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To Recruit Better Candidates, Stop Talking About Company Values

In a UK survey, 77% of retail employees admitted they were not engaged with their company’s brand values. I’m convinced the remaining 23% were lying. Company values are often at best vague, and at worst, patronizing. They scream “we’re just like everyone else” and do nothing to help your retention or recruitment efforts.

Take PriceWaterhouseCooper as an example. Their company values are “Excellence, Teamwork and Leadership.”

Has anyone ever decided to apply for a job because they are driven by excellence, teamwork and leadership? Unlikely. And the minute an employee sees those corporate values in a Death By Powerpoint session, they’ll probably close their eyes and imagine they were somewhere else. (On a beach, probably.)

But there’s a “but.” There’s always a “but.” Company values are not engaging for many reasons. Imagine if they were, though. Imagine the pulling power of company values that actually mean something, that differentiate your company from your competition—so you can recruit the best possible candidates.

Here’s how to recruit new employees who really care about your values:

Start with one defining word that represents your company

Think of Apple—what’s the one thing they’re known for? Innovation. Everything at Apple starts with innovation, then goes from there. That one word attracts people to buy Apple products, and the same word attracts candidates to work for Apple.

If you can sum your organization up in one word, what would it be? For PriceWaterhouseCooper, it could be something like “rigor.” Excellence and teamwork are not particularly interesting, because these are givens in any successful organization.

You can start with something like excellence, but then you need to hone your focus and ask “Excellence in what?” Forget vanilla values everyone else can lay claim to. Find one word that really defines your organization, and use it as the cornerstone of your company values. That word should speak to both candidates who are a good fit for your organization and your best-performing employees.

Strive to be a company that can grow potential employees’ careers

No one accepts a job because they believe in the company’s “excellence.” So why did they join?

Among the many reasons, you’d find job satisfaction, career progression opportunities, pay and benefits – all of them entirely self-serving. Nobody joins a company solely to help the company grow—that might be part of their motivations, but people also join for their own professional benefit.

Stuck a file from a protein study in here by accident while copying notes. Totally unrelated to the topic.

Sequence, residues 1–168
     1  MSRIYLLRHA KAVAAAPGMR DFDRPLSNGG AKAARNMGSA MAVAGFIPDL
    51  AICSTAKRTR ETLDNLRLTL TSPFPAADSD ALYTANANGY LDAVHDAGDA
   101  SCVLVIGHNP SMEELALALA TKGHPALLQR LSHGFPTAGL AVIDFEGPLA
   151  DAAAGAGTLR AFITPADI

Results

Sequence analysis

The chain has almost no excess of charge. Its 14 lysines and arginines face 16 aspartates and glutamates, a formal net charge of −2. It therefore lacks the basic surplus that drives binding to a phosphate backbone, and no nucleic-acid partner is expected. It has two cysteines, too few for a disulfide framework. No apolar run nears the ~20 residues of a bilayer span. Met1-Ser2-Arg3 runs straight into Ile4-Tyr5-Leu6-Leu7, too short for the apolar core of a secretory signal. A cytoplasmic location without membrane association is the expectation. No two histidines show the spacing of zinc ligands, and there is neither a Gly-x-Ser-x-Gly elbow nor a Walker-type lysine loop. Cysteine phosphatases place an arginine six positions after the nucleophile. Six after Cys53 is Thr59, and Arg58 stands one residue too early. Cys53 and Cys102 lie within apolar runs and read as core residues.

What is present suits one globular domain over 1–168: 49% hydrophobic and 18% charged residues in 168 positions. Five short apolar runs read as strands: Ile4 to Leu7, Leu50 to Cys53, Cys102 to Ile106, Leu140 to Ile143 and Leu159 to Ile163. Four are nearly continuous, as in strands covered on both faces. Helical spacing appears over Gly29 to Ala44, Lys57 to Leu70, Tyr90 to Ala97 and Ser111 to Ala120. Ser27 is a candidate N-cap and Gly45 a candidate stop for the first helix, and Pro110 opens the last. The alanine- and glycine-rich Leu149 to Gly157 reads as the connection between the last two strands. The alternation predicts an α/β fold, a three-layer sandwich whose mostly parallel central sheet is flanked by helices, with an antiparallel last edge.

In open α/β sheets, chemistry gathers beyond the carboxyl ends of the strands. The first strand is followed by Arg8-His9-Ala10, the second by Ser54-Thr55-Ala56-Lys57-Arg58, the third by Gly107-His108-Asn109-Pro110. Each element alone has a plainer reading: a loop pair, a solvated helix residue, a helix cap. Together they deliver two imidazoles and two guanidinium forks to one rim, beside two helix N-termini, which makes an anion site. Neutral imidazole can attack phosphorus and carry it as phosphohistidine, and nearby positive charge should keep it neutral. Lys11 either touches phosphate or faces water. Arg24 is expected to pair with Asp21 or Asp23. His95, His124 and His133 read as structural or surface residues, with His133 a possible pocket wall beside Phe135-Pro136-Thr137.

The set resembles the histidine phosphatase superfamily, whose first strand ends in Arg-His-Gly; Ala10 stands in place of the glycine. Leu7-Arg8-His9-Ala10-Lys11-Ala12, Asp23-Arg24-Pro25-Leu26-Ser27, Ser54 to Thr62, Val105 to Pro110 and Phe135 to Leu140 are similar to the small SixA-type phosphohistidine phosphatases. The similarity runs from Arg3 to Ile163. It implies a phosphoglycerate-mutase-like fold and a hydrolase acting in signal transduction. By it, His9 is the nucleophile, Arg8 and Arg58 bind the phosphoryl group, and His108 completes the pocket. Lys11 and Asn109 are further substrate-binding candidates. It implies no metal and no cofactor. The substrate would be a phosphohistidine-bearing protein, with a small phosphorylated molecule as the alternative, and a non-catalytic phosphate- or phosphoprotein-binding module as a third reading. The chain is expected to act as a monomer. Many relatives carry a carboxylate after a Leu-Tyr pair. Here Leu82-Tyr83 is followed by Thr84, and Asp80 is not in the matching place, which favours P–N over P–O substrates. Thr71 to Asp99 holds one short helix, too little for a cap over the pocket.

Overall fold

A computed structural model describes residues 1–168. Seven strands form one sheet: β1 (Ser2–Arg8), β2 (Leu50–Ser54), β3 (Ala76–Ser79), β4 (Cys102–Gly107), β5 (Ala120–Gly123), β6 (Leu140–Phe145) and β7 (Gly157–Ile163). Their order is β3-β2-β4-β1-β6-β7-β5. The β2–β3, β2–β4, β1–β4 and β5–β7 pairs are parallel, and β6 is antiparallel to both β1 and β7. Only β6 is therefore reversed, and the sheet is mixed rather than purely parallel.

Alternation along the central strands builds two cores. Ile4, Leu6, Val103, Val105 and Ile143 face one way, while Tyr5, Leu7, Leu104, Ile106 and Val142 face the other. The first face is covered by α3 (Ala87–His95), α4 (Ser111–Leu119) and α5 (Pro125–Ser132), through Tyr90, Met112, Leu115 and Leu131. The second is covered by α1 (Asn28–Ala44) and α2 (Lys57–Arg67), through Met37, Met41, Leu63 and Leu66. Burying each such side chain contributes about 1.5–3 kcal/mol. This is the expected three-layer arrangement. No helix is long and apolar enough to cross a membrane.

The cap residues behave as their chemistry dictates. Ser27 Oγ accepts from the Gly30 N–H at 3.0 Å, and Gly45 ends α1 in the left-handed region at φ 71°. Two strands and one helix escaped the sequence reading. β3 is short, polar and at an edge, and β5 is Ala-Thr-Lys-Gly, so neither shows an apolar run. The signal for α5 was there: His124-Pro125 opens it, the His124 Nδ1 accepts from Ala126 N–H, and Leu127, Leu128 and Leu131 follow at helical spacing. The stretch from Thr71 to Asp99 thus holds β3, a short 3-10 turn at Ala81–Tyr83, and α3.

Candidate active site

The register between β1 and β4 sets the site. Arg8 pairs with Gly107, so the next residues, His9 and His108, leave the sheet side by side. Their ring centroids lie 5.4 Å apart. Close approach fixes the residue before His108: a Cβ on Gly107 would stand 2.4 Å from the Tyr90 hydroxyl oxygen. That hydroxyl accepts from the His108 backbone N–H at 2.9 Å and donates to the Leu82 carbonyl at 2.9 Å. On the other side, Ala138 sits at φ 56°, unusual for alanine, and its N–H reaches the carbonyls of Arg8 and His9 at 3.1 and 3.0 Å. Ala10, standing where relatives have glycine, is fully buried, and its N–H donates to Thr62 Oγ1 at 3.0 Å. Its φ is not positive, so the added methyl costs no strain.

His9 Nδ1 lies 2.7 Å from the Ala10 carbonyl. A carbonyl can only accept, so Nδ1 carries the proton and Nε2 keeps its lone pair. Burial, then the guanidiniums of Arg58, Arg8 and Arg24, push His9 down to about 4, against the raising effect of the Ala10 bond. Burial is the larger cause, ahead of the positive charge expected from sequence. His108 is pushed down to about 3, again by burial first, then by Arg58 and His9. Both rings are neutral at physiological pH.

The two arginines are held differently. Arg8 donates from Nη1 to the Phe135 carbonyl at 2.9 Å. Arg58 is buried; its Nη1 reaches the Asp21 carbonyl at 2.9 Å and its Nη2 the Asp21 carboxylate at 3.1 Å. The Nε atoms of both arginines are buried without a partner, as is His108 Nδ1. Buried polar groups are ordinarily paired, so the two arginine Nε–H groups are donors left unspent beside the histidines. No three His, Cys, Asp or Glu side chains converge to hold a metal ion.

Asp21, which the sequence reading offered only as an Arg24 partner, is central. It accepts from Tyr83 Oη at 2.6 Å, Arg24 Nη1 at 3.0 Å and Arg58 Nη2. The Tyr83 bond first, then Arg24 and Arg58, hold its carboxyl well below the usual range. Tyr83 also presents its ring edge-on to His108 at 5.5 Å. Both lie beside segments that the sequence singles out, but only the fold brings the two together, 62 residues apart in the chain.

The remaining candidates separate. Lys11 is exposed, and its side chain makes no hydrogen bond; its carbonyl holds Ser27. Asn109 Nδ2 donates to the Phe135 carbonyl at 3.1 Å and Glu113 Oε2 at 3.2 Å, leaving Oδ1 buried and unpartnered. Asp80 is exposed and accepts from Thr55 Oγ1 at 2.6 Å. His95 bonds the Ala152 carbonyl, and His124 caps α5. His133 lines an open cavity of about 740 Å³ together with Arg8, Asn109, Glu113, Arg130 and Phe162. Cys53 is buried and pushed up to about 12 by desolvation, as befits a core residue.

It’s important that, as a recruiter, you aspire to represent your organization as a place people want to be a part of. You aspire to go somewhere, and you aspire to grow. The implication is that your aspiration will rub off on your candidates—you can give them the opportunity to not just pay the rent, but to develop either internally or eventually with another business. You’re a stepping stone (everyone is; get over it), so be a good one. Discuss career paths openly, even if those paths lead out of your business.

Build your recruiting practices around your true values

Rather than hoping your values might engage employees or encourage someone to come and work for you, use them as the basis for recruiting. Anyone can say they believe in your brand values, but do they actively live and breathe them? I work for a digital marketing agency, and if candidates aren’t blogging or tweeting, they aren’t a good fit for us. They can have all the skills in the world, but if they don’t live and breathe digital, they won’t fit in.

If you’re going to build an organization that’s true to its values, then recruitment is at the very core of that approach. Marissa Mayer knows this, which is why she insists on interviewing every candidate at Yahoo herself. Her aim is to overhaul Yahoo’s working culture, and that starts with its people and their own values.

Remember: it’s not all about you; it’s about them

I believe we have to turn the company-focused approach on its head. Companies are stepping stones along the way to someone’s retirement. People move on all the time; teams change, merge and float off into separate entities. Leaders change, even visions and values change. So instead of “cascading down” values and objectives, think of “radiating out” values.

Think back to Apple and innovation. Recruit people who match your vision, not those who tick the skills boxes. Because nobody cares about your company values…they care about their own!

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